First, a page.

Who’s Giving? A Closer Look at the Business of Philanthropy


Nonprofits must direct their marketing dollars and resources where they’ll do the most good. But while most charities don’t have multi-million marketing research budgets, they do have access to a wealth of statistics—who is giving, how much and to whom. With the New Year around the corner, nonprofits should take a good hard look at their numbers to ensure that they are targeting the groups and segments most receptive to their message and mission.

Who’s giving?

According to the Philanthropy Roundtable Almanac, America is the most generous of nations, giving roughly 2% of its GDP or about twice as much as Canadians and three-to-15 times as much as other developed nations. Here’s how the numbers break down across demographics.

Sixty-Seven Percent of U.S. Households Give to Charity

More than two-thirds of U.S. households give to charity. What’s most interesting, Americans of all incomes give at roughly the same level, an average of 2 to 3%, with the exception of those at the bottom of the wealth scale.

Looking more closely, the two factors most frequently associated with giving are marital status and college education. Married people donate at rates 1.6 times higher than their unmarried peers; and those with a degree are 1.5 times more likely to give than those who skipped college.

These statistics underscore common logic: donors in stable households with reliable incomes are more likely to feel like they have enough to help others.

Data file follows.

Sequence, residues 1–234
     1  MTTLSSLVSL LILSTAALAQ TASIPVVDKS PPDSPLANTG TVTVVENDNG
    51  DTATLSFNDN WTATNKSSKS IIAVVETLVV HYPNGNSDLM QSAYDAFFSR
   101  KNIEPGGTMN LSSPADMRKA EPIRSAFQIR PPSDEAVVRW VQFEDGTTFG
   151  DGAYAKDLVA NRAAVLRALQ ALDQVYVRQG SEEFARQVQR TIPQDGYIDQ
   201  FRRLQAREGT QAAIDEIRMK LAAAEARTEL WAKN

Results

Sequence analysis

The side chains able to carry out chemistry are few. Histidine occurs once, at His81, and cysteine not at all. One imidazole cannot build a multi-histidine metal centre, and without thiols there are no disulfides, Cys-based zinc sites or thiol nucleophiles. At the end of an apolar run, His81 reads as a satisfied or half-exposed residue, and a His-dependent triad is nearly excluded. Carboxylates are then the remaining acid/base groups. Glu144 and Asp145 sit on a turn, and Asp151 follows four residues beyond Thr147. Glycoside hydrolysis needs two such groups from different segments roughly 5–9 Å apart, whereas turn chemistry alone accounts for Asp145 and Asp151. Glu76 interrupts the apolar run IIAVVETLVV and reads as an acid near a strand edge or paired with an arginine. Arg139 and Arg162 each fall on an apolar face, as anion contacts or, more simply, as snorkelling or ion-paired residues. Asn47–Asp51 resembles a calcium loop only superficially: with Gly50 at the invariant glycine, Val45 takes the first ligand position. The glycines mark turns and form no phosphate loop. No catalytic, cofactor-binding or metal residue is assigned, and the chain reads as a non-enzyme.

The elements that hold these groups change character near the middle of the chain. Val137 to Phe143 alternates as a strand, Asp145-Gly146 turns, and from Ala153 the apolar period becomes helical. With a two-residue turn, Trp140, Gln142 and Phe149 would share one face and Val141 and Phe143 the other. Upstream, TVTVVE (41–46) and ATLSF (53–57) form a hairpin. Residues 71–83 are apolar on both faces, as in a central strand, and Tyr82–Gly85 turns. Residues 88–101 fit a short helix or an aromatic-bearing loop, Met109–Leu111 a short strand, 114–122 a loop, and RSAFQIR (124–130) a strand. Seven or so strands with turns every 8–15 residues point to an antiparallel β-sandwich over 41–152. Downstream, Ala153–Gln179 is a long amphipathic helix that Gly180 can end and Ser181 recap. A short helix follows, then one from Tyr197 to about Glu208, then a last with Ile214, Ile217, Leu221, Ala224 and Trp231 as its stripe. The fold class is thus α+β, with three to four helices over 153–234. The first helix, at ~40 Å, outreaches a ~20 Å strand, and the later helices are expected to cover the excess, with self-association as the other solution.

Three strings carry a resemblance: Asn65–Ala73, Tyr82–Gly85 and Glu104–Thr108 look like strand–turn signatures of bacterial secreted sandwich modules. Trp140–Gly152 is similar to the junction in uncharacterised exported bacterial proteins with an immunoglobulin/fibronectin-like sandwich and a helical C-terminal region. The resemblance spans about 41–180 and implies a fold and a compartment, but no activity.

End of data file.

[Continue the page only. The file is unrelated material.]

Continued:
Religious Charities Are Most Popular

From education to health, arts and culture, Americans give to many different kinds of charities, with religious charities garnering the biggest share. As a whole, Americans give 39% of charitable dollars to religious organizations, which encompasses causes that are explicitly religious in nature, as well as those that support secular efforts like help for the poor or health and education.

In line with these findings, Americans who attend religious services 27 to 52 times per year give at higher levels than their non-religious counterparts to both religious and secular causes.

Rural States and the Bible Belt Lead on Giving

High-profile philanthropists like Michael Bloomberg and Bill Gates often get a lot of media attention for their charitable work. But when you look at where the money is coming from, the lion’s share isn’t originating from the coasts, it’s flowing from the middle of the country, rural states and the Bible Belt, where religion is a bigger part of the culture.

According to the Chronicle of Philanthropy, the most generous state in the country is Utah (which has a large Mormon population), followed by Bible-Belt states like Mississippi, Alabama, Tennessee, Georgia and South Carolina.

On average, Utah residents give 6.6% of their income to charity, whereas in New Hampshire—which is 50thin the nation for giving—Granite State residents give an average of 1.7%.

A Little Goes a Long Way

Even in the age of eye-popping billion-dollar donations, small individual donations constitute the bulk of American generosity. Every year, individuals—giving through both personal gifts and bequests—donate four times as much as large corporations and global foundations like the Bill and Melinda Gates Foundation.

For nonprofits, the business of philanthropy isn’t always what it seems on the surface. It’s important for charities to dig deeper to understand who’s giving so that they can engage with the donors in the most effective way.